FedScoop’s Top Women in Tech 2017: Carlene Ileto

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Carlene Ileto, Executive Director of the Products and Services Delivery Management Division of the Information Technology Services Office, DHS

Carlene Ileto has been with the Department of Homeland Security for seven years now, and after all that time, it’s still the DHS mission that impassions her every day, as well as the $6.7 billion in “systems that we put in place to address how we can secure the homeland,” she says. At DHS, Ileto wears many hats, but she describes her role as “doing IT investment management, IT governance, portfolio and program management, lifecycle methodologies such as agile and so forth” to provide guidance for them.

“We’re delivering faster and quicker but with quality. Agile is not for every program, but it’s certainly for many of our programs,” she says. Ileto has also been key to DHS’s FITARA implementation, leading the department to a “B” on the most recent FITARA scorecard.

Can you talk about the biggest challenge you’ve faced in your career? How did you conquer that challenge?

One of my biggest challenges was not really proving myself but it was to show my worthiness in the IT field. As a woman you think immediately it’s because you’re a woman. But I try not to look at it that way. And this one of the things where I have to definitely say graduating from the candidate development program preparing you for executive leadership was critical for me. And they often ask you to have some personal principles or basic beliefs … and those are accountability, respect for the individual, and integrity. Those are the things that see me through many of the challenging times that I have.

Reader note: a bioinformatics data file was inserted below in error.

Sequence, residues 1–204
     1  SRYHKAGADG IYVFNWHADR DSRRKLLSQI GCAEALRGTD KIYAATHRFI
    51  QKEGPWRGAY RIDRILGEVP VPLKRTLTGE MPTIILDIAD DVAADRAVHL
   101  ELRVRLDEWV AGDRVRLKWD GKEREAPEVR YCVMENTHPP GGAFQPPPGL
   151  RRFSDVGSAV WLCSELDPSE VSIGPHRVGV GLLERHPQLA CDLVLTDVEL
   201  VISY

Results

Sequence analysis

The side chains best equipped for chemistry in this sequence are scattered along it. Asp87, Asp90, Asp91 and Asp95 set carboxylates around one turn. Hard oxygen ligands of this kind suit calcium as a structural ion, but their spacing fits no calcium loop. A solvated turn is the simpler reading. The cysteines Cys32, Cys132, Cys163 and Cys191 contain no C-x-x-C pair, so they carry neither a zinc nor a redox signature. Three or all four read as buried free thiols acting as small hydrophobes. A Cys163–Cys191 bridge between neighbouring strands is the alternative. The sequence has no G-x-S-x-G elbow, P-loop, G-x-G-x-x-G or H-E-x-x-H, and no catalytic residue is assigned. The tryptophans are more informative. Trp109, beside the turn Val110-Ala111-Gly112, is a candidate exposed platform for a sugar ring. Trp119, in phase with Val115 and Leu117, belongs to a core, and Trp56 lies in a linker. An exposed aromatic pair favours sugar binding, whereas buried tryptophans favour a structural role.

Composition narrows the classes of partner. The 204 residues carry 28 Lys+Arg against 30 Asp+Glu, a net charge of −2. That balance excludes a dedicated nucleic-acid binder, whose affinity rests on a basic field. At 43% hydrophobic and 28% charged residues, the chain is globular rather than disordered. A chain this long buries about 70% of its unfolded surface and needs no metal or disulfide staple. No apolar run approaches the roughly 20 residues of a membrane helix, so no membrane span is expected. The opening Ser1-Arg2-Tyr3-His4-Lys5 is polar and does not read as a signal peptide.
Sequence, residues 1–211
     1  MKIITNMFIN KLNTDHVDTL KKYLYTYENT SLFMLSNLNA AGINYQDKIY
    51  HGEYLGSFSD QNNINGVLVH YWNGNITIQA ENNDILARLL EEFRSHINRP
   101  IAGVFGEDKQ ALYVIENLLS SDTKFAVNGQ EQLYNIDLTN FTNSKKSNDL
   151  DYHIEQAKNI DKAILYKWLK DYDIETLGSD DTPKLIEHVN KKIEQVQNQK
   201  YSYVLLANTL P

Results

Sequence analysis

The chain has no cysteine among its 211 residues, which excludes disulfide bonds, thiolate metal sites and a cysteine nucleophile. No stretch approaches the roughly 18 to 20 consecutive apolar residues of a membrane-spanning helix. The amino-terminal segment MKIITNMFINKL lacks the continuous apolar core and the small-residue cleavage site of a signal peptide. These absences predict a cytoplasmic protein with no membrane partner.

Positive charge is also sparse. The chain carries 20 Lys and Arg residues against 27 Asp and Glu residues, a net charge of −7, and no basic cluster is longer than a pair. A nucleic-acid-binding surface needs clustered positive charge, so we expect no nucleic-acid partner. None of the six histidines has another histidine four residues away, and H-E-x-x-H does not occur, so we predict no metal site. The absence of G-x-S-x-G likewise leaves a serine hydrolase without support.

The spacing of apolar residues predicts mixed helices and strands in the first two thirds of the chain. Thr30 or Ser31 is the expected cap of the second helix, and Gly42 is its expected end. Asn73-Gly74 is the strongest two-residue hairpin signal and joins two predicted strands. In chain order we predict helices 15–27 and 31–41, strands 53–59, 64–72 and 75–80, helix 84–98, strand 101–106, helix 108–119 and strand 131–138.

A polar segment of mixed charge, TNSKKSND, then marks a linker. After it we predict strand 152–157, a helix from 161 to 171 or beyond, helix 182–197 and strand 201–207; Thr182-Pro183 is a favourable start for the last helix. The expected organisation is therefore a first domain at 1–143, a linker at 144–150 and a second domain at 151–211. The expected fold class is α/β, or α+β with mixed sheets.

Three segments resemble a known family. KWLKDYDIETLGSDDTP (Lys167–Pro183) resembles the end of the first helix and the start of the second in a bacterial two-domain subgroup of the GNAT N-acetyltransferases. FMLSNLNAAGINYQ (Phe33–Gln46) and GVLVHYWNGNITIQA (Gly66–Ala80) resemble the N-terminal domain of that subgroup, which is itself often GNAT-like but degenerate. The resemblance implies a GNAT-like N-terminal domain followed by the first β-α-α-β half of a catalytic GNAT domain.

What would you say to young women who are thinking about a career in technology
or related fields, or just starting out in their careers? What’s the best advice you could offer for success?

Believe in yourself, be confident in your abilities, because you will gain the respect of those around you when you portray confidence and steadfast belief in ability to contribute and make a difference. Be proactive, not reactive. Prepare to meet whatever challenge you can anticipate without worrying unduly.

Why is it important to you to empower women and other minorities to join more technical and technology-related fields?

It’s important that we have that diversity, because there is no one single person that knows everything. And it’s important that we have diverse ideas that will help us to go further than what we would if we had someone who always agreed with us or had the same or similar ideas. If you have that diverse unit, I think there is more success for anybody and for that team than it would be if all of us were the same.

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FedScoop’s Top Women in Tech 2017
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